BMW's I8 plug-in hybrid can go from 0 to 60 in 4.2 seconds. Its designers just went from Munich to Shenzhen.
Photograph by Adam Levy for Fortune Magazine
By Geoffrey Smith
April 19, 2016

The people behind some of the most acclaimed electric vehicles on the roads have defected to China, according to Bloomberg.

The news agency reported that Benoit Jacob, the designer of the i8 sports car, has jumped ship to join Future Mobility, an EV startup backed by Tencent Holdings (tcehy), noted mainly for its social media and online gaming operations, and microelectronics group Foxconn Technology (fxcny), which makes the iPhone for Apple Inc. (aapl). Neither company has any pedigree in making cars, although a third shareholder, China Harmony New Energy Auto Holding Ltd., is an established dealer in luxury cars across the country.

Jacob will be joined at Future Mobility by Dirk Abendroth, who heads the i-Powertrain department and Henrik Wenders, a vice-president for product management.

They’ll all be linking up again with Carsten Breitfeld, the former project manager for the i8, who was named CEO of Future Mobility in February.

BMW didn’t immediately respond to a request for comment, but Bloomberg said both Abendroth and Wenders confirmed they were joining Future Mobility.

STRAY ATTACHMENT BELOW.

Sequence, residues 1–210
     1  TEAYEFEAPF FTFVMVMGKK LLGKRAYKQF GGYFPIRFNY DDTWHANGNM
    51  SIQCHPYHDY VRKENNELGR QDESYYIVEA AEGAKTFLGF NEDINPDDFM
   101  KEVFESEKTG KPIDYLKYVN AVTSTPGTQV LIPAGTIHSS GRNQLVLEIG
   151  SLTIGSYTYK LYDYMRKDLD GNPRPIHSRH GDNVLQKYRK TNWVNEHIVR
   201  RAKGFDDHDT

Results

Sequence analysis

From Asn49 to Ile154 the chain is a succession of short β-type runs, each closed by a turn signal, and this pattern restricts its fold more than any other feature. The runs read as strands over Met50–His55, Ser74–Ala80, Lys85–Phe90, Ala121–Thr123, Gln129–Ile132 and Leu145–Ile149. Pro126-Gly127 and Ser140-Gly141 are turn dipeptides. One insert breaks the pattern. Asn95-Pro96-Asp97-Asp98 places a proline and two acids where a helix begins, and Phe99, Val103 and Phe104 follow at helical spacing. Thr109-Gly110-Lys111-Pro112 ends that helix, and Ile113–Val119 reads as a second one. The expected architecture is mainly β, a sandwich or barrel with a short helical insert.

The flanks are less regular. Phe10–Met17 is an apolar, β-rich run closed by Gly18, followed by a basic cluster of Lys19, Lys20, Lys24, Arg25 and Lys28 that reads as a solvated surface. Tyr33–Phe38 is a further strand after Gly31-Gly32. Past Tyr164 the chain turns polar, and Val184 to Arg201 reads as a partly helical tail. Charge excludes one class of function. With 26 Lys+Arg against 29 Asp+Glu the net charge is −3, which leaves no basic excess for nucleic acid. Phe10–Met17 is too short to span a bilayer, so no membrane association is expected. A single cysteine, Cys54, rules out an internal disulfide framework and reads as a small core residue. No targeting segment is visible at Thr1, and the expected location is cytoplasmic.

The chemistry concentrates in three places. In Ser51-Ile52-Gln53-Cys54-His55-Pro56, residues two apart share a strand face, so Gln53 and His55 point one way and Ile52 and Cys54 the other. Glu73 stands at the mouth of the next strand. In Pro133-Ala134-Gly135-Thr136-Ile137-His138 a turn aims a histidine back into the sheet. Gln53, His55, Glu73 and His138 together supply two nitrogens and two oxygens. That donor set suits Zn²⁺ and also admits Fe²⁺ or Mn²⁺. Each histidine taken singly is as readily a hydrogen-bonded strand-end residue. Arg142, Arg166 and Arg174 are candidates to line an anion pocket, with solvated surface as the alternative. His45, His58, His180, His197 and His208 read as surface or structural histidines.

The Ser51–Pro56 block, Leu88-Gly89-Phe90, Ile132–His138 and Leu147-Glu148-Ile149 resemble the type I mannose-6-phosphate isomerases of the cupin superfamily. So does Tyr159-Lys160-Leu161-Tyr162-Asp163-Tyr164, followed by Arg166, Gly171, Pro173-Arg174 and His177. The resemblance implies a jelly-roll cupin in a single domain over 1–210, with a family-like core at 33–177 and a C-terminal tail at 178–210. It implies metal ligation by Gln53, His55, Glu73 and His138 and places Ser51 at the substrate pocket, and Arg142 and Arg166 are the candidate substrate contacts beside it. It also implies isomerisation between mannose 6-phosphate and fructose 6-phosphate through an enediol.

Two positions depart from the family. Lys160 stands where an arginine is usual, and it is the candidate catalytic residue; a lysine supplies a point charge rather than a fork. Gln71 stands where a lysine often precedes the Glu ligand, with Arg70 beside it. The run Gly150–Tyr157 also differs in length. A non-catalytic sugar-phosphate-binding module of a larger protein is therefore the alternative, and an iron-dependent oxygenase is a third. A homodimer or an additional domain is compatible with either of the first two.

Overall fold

If the story is confirmed, it’s a huge statement of ambition by the Chinese groups, one that mirrors the ambitions of the country’s government to cut road pollution as fast as possible and get ahead of the game in designing the auto of the future. Both Tencent and Foxconn have extremely deep pockets: Tencent has a market capitalization of over $200 billion, while Foxconn’s is around $40 billion.

It also raises more questions, in the wake of the Volkswagen emissions scandal, about the ability of Germany’s carmakers to meet the same challenges. BMW is widely acknowledged as being the most advanced of the major German carmakers as regards electric vehicles.

Bloomberg said Future Mobility intends to base its research and development in Shenzhen, but to have units in Europe and Silicon Valley to focus on powertrain issues and autonomous driving, respectively.

China is currently the world’s second-largest market for electric vehicles, with just under 250,000 being sold last year, according to the China Association of Automobile Manufacturers. Thanks to a low base and a generous range of government subsidies, sales are growing exponentially, rising 450% in 2015.

 

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